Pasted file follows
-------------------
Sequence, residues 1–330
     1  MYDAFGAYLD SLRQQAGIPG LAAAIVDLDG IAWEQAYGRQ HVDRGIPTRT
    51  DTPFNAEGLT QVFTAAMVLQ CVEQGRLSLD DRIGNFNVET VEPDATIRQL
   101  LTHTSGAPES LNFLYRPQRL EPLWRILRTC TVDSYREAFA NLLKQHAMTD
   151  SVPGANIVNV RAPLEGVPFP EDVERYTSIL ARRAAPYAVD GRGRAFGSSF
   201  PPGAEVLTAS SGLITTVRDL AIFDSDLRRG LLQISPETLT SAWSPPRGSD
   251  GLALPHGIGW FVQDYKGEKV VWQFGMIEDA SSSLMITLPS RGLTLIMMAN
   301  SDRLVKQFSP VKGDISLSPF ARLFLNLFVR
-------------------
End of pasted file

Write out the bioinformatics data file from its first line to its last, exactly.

Sequence, residues 1–330
     1  MYDAFGAYLD SLRQQAGIPG LAAAIVDLDG IAWEQAYGRQ HVDRGIPTRT
    51  DTPFNAEGLT QVFTAAMVLQ CVEQGRLSLD DRIGNFNVET VEPDATIRQL
   101  LTHTSGAPES LNFLYRPQRL EPLWRILRTC TVDSYREAFA NLLKQHAMTD
   151  SVPGANIVNV RAPLEGVPFP EDVERYTSIL ARRAAPYAVD GRGRAFGSSF
   201  PPGAEVLTAS SGLITTVRDL AIFDSDLRRG LLQISPETLT SAWSPPRGSD
   251  GLALPHGIGW FVQDYKGEKV VWQFGMIEDA SSSLMITLPS RGLTLIMMAN
   301  SDRLVKQFSP VKGDISLSPF ARLFLNLFVR